Monday, 31 October 2016

Ray Chen. Virtuoso

In the right hands, the members of the woodwind family such as the oboe, flute, clarinet and bassoon make lovely sounds. The piano and the organ, of course, have a far wider range of sound and a much bigger palette of colours. But the relatively limited range of nice sounds from the woodwind is part of the reason why so few solo or concertante works feature major parts for woodwind members; lovely though the oboe may sound, 79 minutes of lovely oboe playing tend to pall.

In the right hands, the violin has a wide range of colour, from relatively harsh sounds, to silky smooth. In the hands of a folk violinist (gypsy, folk, klezmer) in the old Central European lands, the violin could express rage, love, tenderness or belligerence. To some extent, the violin has now joined hands with the woodwind, with the modern emphasis on an all-over beautiful sound and smooth legato playing, with seamless bow strokes rivalling the breath control of clarinettists or oboe players.

This was my reaction to much of the 79 minutes of violin playing by the young violinist Ray Chen on a recital CD given the title “Virtuoso”. Mr Chen is certainly an impeccable technician, and a tasteful musician. Be it Tartini's “Devil's Trill” or Bach's chaconne from the second solo violin suite, the music sounds effortless and beautiful under Mr Chen's able fingers. What did I miss? The stream of lovely sound risked becoming boring, and works such as Wieniawski's Légende had me wishing for the individuality that an Elman, Heifetz, Busch, Neveu, Schneiderhan or Kulenkampff would have brought to the music. Mr Chen is an excellent modern violinist and probably plays in a way demanded by most modern audiences.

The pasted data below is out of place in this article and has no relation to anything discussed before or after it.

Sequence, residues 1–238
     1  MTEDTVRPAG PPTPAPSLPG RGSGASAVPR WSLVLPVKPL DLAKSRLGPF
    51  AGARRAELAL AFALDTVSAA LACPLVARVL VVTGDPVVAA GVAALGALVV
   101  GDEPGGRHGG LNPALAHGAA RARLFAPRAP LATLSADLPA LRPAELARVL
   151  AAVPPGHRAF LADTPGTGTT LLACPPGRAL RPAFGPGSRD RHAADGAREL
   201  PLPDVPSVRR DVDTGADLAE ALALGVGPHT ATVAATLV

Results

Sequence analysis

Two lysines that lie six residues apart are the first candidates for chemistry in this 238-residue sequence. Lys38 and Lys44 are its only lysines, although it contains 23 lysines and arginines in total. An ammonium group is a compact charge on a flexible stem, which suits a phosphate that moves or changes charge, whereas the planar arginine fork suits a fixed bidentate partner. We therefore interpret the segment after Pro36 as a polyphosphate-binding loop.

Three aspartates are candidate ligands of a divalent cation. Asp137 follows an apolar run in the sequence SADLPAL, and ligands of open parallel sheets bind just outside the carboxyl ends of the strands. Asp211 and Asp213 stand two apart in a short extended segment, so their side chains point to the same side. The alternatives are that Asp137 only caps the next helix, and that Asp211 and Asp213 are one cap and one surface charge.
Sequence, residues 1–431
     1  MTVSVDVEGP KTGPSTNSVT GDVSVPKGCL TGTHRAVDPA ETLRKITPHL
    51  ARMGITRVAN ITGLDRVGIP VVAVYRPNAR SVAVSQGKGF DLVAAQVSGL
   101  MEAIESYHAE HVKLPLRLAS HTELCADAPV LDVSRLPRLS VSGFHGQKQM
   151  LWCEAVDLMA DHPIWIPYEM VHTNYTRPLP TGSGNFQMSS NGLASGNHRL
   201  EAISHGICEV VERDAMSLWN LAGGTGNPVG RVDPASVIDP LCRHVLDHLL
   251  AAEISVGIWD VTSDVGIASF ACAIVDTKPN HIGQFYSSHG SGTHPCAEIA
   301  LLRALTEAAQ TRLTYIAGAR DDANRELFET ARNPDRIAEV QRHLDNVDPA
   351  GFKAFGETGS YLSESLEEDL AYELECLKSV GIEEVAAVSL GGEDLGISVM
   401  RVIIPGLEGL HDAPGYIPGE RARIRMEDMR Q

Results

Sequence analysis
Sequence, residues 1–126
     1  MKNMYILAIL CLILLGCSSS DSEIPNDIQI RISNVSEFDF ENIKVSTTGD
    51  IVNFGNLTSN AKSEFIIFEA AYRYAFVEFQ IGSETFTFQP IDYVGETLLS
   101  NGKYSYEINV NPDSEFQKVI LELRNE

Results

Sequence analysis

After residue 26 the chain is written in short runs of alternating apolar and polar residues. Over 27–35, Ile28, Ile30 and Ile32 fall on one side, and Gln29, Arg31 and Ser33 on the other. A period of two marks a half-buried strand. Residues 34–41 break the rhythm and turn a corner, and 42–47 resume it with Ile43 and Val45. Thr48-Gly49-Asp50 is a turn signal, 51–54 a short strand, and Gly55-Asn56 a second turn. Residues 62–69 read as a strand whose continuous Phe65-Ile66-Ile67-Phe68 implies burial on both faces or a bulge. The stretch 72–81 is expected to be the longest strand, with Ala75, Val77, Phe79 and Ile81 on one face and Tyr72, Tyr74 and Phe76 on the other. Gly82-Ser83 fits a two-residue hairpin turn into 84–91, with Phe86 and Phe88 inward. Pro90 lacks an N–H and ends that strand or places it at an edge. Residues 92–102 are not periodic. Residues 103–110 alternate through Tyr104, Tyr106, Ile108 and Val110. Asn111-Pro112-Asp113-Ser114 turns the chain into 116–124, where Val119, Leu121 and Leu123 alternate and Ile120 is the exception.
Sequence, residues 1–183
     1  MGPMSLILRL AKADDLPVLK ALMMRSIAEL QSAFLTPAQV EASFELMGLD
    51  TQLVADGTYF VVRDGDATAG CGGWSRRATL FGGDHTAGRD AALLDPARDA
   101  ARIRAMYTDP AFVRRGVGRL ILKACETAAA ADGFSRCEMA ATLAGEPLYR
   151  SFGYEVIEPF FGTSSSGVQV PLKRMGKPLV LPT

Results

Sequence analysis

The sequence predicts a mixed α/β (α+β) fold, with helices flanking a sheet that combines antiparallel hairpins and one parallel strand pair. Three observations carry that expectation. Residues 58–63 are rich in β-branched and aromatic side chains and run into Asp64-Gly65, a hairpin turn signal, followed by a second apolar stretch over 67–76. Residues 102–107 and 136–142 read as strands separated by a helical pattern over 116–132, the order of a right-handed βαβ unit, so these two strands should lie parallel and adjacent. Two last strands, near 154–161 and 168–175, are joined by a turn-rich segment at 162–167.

César Franck's sonata for violin and piano is not a virtuoso work; even I used to play it on either violin or viola, at one time, and the piano part is arguably more difficult than that of the violin. The performance here is not great. The piano partner (Noreen Polera) is relegated to second place, and the violin over-indulges in smooth legato and “beautiful” sound. As I have said before many times, in sonatas such as the Franck sonata, the playing of the violinist and the pianist should be of equal interest. Ms Polera does not have much hope.

Not a great performances of the Franck sonata, and far too much “listen to my beautiful violin sound”. Much more impressive is Mr Chen's rendition of the chaconne from the second solo violin suite by Bach. Although not technically a “virtuoso” work, the chaconne demands an extremely high level of violin technique (I never attempted it) and an immense variety of bowing, dynamics and sound production. It does not lend itself to sleek, smooth violin playing, nor to excessive legato. I enjoyed Ray Chen's performance here, so at least 15 minutes of the CD were salvaged for me for frequent future listening.

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